Thursday, April 21, 2011

[Geology2] Largest Fossil Spider Found in Volcanic Ash

I love when that happens . . . I think . . .

Largest Fossil Spider Found in Volcanic Ash

Fossil female golden orb-weaver spider (Nephila jurassica) from the
Middle Jurassic of China. CREDIT: … Charles Q. Choi, LiveScience
Contributor, charles Q. Choi, Livescience Contributor,

â€" Wed Apr 20, 7:54 am ET The largest fossil spider uncovered to
date once ensnared prey back in the age of dinosaurs, scientists find.

The spider, named Nephila jurassica, was discovered buried in ancient
volcanic ash in Inner Mongolia, China. Tufts of hairlike fibers seen on
its legs showed this 165-million-year-old arachnid to be the oldest
known species of the largest web-weaving spiders alive today – the
golden orb-weavers, or Nephila, which are big enough to catch birds and
bats, and use silk that shines like gold in the sunlight.

The fossil was about as large as its modern relatives, with a body one
inch (2.5 centimeters) wide and legs that reach up to 2.5 inches (6.3
cm) long. Golden orb-weavers nowadays are mainly tropical creatures, so
the ancient environment of Nephila jurassica probably was similarly
lush. [Image of fossil spider]

"It would have lived, like today's Nephila, in its orb web of golden
silk in a clearing in a forest, or more likely at the edge of a forest
close to the lake," researcher Paul Selden, director of the
Paleontological Institute at the University of Kansas, told LiveScience.
"There would have been volcanoes nearby producing the ash that forms the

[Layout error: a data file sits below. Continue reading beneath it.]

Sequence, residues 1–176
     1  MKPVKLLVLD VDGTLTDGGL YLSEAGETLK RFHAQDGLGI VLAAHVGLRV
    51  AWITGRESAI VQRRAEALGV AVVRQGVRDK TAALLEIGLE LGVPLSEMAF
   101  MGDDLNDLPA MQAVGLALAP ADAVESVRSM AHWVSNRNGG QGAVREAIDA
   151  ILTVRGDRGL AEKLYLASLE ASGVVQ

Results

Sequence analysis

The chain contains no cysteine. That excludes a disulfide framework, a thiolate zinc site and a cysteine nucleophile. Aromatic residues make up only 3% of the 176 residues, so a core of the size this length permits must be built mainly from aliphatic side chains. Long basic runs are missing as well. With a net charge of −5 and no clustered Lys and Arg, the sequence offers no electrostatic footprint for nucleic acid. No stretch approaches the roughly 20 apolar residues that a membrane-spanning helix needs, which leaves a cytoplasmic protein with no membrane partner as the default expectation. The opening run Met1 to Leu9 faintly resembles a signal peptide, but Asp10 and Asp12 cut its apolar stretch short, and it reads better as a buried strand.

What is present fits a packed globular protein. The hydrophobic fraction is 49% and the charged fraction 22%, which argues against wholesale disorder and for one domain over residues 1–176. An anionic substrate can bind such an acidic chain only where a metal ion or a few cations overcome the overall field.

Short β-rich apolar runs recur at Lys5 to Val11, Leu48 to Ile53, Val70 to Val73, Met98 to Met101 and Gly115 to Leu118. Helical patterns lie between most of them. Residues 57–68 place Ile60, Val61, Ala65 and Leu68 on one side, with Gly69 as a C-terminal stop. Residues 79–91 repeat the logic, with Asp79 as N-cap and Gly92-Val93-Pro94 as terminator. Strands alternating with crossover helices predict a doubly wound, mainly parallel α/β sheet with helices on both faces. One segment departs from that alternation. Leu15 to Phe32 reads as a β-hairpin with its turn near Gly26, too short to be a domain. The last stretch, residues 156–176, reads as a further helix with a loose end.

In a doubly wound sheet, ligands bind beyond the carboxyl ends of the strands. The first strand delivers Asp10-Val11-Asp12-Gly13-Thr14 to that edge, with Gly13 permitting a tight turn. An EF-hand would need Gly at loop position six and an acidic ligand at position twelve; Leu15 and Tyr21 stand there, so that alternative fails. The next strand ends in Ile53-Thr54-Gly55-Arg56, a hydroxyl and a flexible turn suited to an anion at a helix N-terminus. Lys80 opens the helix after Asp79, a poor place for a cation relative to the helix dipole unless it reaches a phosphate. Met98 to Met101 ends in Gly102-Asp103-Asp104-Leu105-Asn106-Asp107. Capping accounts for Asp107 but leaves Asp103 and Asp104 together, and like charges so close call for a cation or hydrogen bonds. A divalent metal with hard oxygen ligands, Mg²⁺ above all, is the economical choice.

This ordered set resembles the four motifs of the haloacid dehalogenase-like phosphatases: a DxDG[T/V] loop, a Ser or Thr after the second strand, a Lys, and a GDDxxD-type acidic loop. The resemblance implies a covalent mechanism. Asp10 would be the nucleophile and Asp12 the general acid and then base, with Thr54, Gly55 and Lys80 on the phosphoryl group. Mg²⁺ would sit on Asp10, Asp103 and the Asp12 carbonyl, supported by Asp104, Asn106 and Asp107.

lake sediment it is entombed within."

Spiders are the most numerous predators on land today, and help keep
insect numbers in check. So these findings help us "understand the
evolution of the insect-spider predator-prey relationship," Selden said,
suggesting that golden orb-weavers have been ensnaring insects and
influencing their evolution since the Jurassic Period. [Read: Ancient
Spider Guts Revealed in 3-D]

"There were many large or medium-sized flying insects around at that
time on which it would have fed indiscriminately," Selden said.

In modern golden orb-weaver species, females are typically much larger
than males. This new fossil was a female, suggesting this trend
stretches back at least as far as the Middle Jurassic, Selden said
â€" that is, back before the first known bird, Archaeopteryx, or
giant dinosaurs such as Brachiosaurus and Diplodocus.

Although this is the largest fossil spider known to date, it is not the
oldest. Two species from Coseley, England, Eocteniza silvicola and
Protocteniza britannica, both come from about 310 million years ago.

Selden and his colleagues are now investigating other fossil spiders
from China, "as well as those from elsewhere in the world â€"
currently Brazil, New Zealand, Australia, Italy and Korea," he said.

The scientists detail their findings online April 20 in the journal
Biology Letters.
Follow LiveScience for the latest in science news and discoveries on
Twitter @livescience and on Facebook.

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